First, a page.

Bill to fight spam set to be introduced by July
Hong Kong is moving a step closer to protecting people against spam e-mail, unsolicited text messages and pre-recorded phone-call adverts with a bill due to be tabled to the legislature for approval.
Secretary for Commerce, Industry and Technology Joseph Wong Wing-ping said yesterday the proposed law would be introduced before July.
However, phone users can still expect cold calls from salespeople, with the minister saying legal sanctions against such promotions would affect small businesses. Spam e-mails from overseas would also remain unchecked in the absence of an international protocol.
A two-month public consultation this year attracted about 80 submissions, with most in favour of legislation to stamp out unsolicited commercial promotions.
Under the plan, people could put their names on a 'do not call' register and lodge complaints if they continued to receive them. Offenders would be subject to a fine of $100,000.
Mr Wong conceded that some people might think the plan did not go far enough.
'There have been calls to ban cold calls by salespeople as well, but this practice has existed for a long time. We believe it's appropriate to leave some room for small and medium businesses,' Mr Wong told RTHK radio.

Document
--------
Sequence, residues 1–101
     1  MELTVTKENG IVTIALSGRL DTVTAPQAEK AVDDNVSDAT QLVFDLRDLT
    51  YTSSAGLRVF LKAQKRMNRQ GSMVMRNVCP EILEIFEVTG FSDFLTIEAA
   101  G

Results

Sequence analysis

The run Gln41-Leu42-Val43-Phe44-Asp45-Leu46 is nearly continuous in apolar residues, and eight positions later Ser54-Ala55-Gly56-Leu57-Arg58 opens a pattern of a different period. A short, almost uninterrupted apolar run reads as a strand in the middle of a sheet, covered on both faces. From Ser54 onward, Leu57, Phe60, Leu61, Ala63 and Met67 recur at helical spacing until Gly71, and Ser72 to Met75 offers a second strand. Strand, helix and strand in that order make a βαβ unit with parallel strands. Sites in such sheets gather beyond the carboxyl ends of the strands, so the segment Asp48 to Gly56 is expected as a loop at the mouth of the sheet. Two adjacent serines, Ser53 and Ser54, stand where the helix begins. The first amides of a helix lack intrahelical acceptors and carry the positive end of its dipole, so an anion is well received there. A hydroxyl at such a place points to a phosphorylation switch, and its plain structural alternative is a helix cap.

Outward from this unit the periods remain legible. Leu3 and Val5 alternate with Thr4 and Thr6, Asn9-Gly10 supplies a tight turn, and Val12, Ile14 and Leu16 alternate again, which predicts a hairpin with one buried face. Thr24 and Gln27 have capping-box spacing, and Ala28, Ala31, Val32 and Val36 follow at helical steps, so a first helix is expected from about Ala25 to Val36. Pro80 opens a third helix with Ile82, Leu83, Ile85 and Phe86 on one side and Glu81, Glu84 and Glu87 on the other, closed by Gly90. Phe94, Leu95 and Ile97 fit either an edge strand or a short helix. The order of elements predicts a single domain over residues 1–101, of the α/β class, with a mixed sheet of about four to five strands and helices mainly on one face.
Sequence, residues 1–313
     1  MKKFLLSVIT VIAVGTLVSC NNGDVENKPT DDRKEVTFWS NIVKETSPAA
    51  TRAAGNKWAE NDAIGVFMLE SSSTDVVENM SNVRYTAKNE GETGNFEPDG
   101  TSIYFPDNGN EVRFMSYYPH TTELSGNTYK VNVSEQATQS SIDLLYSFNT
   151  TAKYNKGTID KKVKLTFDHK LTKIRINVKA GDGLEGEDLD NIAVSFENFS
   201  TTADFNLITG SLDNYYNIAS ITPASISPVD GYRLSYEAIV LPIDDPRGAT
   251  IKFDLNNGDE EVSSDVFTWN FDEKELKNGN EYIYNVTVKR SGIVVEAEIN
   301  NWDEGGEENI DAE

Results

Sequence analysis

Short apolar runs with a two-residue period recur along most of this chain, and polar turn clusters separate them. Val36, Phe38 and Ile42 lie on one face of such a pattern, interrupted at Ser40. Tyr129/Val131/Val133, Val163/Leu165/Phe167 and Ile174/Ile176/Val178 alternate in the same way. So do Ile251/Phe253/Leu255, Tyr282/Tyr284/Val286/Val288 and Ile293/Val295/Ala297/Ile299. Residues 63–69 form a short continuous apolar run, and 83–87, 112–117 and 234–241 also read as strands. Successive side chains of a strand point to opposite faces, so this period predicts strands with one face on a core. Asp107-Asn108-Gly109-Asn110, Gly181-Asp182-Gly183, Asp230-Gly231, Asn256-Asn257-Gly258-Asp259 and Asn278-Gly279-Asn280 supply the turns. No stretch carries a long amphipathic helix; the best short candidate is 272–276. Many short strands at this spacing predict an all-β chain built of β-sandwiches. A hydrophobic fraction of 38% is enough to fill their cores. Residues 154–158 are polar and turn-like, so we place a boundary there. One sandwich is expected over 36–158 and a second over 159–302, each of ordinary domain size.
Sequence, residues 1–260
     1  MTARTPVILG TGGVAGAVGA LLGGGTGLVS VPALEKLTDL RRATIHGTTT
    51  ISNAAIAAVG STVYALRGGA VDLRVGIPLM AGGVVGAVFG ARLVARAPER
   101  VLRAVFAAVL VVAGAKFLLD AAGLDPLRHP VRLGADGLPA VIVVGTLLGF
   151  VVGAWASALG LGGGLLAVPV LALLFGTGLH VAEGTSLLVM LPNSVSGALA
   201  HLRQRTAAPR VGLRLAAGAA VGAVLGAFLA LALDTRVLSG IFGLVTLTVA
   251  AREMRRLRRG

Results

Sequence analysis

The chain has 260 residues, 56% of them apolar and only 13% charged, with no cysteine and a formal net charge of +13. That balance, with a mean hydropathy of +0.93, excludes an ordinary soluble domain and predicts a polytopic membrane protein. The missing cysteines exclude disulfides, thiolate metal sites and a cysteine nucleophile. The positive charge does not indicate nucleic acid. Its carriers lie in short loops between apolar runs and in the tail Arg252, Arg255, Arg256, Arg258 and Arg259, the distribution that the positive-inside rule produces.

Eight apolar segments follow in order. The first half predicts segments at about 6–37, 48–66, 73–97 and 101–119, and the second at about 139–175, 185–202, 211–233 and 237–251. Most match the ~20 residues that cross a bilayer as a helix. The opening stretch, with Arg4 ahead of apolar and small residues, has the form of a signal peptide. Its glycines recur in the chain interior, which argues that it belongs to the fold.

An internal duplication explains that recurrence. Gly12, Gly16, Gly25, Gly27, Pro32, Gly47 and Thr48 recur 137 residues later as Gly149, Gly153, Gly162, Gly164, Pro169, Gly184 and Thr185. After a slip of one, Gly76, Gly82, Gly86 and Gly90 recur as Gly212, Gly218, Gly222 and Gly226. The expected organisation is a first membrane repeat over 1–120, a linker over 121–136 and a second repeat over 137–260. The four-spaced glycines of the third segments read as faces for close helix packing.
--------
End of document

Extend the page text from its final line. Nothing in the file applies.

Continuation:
Telecommunication Authority figures show there were 42,462 complaints about junk faxes last year. Inquiries about promotional phone calls surged from 427 in 2004 to 3,622 last year. Another 1,116 inquiries have been received in the first four months of this year.
Meanwhile, Mr Wong dismissed concerns over increasing mainland control over Asia Television (ATV) in light of shareholding changes.
The Frontier legislator Emily Lau Wai-hing has urged the chief executive to reject ATV's bid to sell 22 per cent of its shareholding to the mainland's Citic Guoan Group.
Mr Wong said the application for the shareholding change would be handled in accordance with procedure.
He said the changes should not affect ATV's obligations. 'ATV and any television station in Hong Kong will have to follow all the requirements and ensure that its editorial and programming policy must be focused in Hong Kong, and must be in the interest of the Hong Kong community and no other place,' he said.
Mr Wong also said he would handle the public broadcasting review with an open mind.
'I hope the review committee will put up recommendations which will command the broadest consensus in the community.'